Thousands of people in North East Delhi, mostly Muslim but also some Hindu, were the victims of gruesome state organized communal violence and state terror, from February 23-26, 2020. As has been documented, the police were under instructions to stand by as mute witnesses and even assist the murderous gangs. The police acting in unison with the attackers, beat up the victims, insulted and tortured them and even prevented the injured from being taken to the hospital. Nearly 60 people were killed and several hundreds wounded, women and girls were sexually assaulted and raped, houses, shops and establishments were burned, vehicles were burnt, homes and shops were looted, places of worship, schools and educational institutions were vandalized and burnt.
Victims and social activists describe their trauma and difficulties in rebuilding their lives at a People’s Tribunal in New Delhi on 16th March 2020
People of both Hindu and Muslim communities came together in many places, to defend their neighbours from the attackers. Gurudwaras opened their doors to the victims. Doctors and nurses worked round the clock to treat the wounded. Hundreds of people across the city, students and youth, political and social activists have voluntarily come forward to provide relief and supplies and other kinds of assistance, including assisting the affected people who have lost everything and their near and dear ones, to rebuild their lives.
On February 27, the Delhi Government announced various forms of compensation for the victims. Rs. 10 lakh has been promised to the families of those killed. Rs. 25,000 has been promised to those whose houses have been burnt. Free books and uniforms have been promised for the students who lost these. The government has promised to bear the cost of treatment of those of the injured who have been admitted in private hospitals. Those families which have lost a minor member have been promised Rs. 5 lakh while those seriously injured have been promised Rs. 2 lakh. Those who have suffered minor injuries have been promised Rs 20,000, and the orphaned children Rs 3 lakh. The government has also promised that special camps will be set up for people to get essential documents they lost in the arson.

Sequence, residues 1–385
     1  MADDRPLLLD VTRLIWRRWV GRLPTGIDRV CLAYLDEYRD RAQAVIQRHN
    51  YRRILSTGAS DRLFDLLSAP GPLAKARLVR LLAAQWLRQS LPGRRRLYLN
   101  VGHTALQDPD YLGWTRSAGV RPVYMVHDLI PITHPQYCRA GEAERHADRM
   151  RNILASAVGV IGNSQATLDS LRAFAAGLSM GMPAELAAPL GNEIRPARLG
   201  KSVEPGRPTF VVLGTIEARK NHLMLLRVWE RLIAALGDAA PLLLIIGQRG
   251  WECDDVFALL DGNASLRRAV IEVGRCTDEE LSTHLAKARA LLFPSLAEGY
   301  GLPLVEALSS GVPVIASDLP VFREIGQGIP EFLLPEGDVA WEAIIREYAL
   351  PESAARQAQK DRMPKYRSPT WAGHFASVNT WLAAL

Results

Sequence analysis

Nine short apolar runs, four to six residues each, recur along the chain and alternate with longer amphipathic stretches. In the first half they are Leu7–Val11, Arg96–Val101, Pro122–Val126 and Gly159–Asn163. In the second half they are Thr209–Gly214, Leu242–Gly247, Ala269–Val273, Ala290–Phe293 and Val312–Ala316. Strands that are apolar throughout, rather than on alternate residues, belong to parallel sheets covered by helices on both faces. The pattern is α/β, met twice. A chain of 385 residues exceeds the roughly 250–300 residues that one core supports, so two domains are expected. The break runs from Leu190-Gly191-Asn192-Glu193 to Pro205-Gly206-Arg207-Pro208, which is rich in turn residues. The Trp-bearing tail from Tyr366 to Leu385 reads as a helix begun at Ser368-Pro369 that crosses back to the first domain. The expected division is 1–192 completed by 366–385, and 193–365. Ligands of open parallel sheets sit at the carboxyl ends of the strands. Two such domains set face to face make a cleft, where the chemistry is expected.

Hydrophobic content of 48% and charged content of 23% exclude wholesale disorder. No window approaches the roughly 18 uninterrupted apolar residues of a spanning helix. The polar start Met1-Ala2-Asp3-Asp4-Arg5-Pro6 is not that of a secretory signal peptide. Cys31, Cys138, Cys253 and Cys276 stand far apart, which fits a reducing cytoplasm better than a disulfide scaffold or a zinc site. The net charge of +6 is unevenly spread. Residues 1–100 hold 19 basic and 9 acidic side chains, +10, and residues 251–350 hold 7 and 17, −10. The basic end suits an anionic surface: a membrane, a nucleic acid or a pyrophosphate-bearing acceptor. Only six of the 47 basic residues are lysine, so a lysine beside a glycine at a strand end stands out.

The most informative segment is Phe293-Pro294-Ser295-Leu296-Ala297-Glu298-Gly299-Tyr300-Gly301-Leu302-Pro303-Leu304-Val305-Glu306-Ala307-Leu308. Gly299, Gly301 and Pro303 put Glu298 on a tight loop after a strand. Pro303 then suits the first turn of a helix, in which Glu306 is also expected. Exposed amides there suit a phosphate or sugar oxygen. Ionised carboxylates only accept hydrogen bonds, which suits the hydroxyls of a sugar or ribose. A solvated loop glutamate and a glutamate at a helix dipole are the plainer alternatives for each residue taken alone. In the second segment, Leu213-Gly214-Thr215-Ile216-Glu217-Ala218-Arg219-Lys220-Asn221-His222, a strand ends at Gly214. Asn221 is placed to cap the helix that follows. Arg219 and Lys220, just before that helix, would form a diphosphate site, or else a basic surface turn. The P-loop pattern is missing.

However, the reports of several activists who are working to assist the victims rebuild their lives have been highlighting the numerous hurdles they are facing.
Those whose houses have been burnt have lost all their documents, including property ownership documents, identification documents, certificates, bank documents, etc. It is extremely difficult for them to claim any kind of relief or compensation, because they do not even have any documents to show their relationship to those killed. They have lost ownership documents of their homes, shops and establishments, as well as all documentary proof of what they had, so it is nearly impossible for them to prove what they have lost and claim compensation.
Those whose homes and shops have been looted have no means to prove the cost of what they have lost. Those whose vehicles were burnt are not covered by insurance. Moreover, their ownership papers have been burnt, so they cannot claim any compensation from the government.
Orphaned children who have lost their entire family and home have no way to prove who their parents were, in order to claim compensation.
Schools which had stocked up books and uniforms for the students for the coming session have lost everything. Their owners are unable to claim compensation because all purchase documents have been destroyed.
People living as tenants in the houses that have been destroyed are complete shattered, as they are not eligible for any kind of compensation.
Thousands of people working in the affected areas have lost their means of livelihood.
There is no compensation for the injuries that women have suffered on account of sexual violence and rape. There is no compensation for the humiliation and trauma they have suffered. Likewise, there is no compensation for the acute depression and mental illness that has affected hundreds of the old and young, who have witnessed unspeakable horrors.
The hundreds of people who have been forced to seek refuge in relief camps face an extremely uncertain future. They are struggling against heavy odds, to re-build their shattered lives. Many of them face fear and insecurity in returning to the places they lived in earlier, lest they are attacked again, for they know that their killers are roaming free and will never be punished.
The terrible tragedy of the victims of the pogrom in North East Delhi once again reinforces the need for people to unite and build a powerful movement, which will ensure that state-organised communal violence and state terror is put an end to forever.